THE HARDEST WORD
Scripture Reading: Matthew 5:20-26
For I tell you that unless your righteousness surpasses that of the Pharisees and the teachers of the law, you will certainly not enter the kingdom of heaven. “You have heard that it was said to the people long ago, ‘You shall not murder, and anyone who murders will be subject to judgment.’ But I tell you that anyone who is angry with a brother or sister, will be subject to judgment. Again, anyone who says to a brother or sister, ‘Raca,’ is answerable to the court. And anyone who says, ‘You fool!’ will be in danger of the fire of hell. “Therefore, if you are offering your gift at the altar and there remember that your brother or sister has something against you, leave your gift there in front of the altar. First go and be reconciled to them; then come and offer your gift. “Settle matters quickly with your adversary who is taking you to court. Do it while you are still together on the way, or your adversary may hand you over to the judge, and the judge may hand you over to the officer, and you may be thrown into prison. Truly I tell you, you will not get out until you have paid the last penny.
Ok, here’s a question to get us started. When is the last time you said, “I am sorry” to somebody? We’re not talking about apologizing when we bump into someone or drop something by mistake, but about apologizing to somebody for a grievous hurt that we may have caused them. If you a “typical” person, the probability is high that it has been a very long time since you asked for forgiveness for something that you did to cause someone pain. Why? Why is sorry such a hard word to say?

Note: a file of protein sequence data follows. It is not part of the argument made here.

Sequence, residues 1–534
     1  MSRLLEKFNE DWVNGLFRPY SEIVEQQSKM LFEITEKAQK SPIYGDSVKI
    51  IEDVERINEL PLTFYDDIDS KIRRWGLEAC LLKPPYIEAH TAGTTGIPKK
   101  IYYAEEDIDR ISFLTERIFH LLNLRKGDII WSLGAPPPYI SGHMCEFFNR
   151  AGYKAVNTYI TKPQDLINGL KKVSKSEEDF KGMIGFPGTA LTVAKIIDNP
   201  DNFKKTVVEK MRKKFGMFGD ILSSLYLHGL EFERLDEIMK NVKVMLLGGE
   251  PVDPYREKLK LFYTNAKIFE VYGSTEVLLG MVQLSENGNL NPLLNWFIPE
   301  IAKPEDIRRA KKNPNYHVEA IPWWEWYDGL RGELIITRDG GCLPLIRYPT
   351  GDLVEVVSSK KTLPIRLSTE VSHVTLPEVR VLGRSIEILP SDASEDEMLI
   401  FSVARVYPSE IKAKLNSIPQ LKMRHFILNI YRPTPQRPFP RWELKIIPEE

We all make mistakes. And despite our best intentions to the contrary, we will continue to make them. We will say things we shouldn’t say and do things we shouldn’t do. This will happen in the best of relationships. When we apologize, we take responsibility for our actions, admitting that we made a mistake. This brings healing to relationships, which will otherwise deteriorate and break, sometimes irreparably. Why would we want that to happen, especially after all the time and energy invested into relationships?
Pride is what stops us from admitting our mistakes and apologizing for them. We think it is a sign of weakness or a confirmation of guilt. We believe the other party will take advantage of what they perceive as weakness or hold our admissions against us for the rest of our life. Admittedly, while some people might do this, most will not. They will accept the apology with grace, and although saying “sorry” can’t do anything to change the past, it would have eased the heartache that the harsh words or actions caused.
In today’s passage, Jesus emphasizes the need for being at peace with the people we have hurt. “If you come to me with an offering,” he says, “and you remember that your brother or sister (our spouse or partner!) has something against you, leave your gift at the altar. Go make peace with them, then come and offer your gift. Otherwise, I don’t want it.” We are in the season of Lent. It is an opportunity to make things right with those we have offended or hurt. I know that sorry seems to be the hardest word, but God will give you the grace to make it easier to say. Say it.
I want to take this opportunity to say sorry to all the people that I have hurt out there. Please forgive me.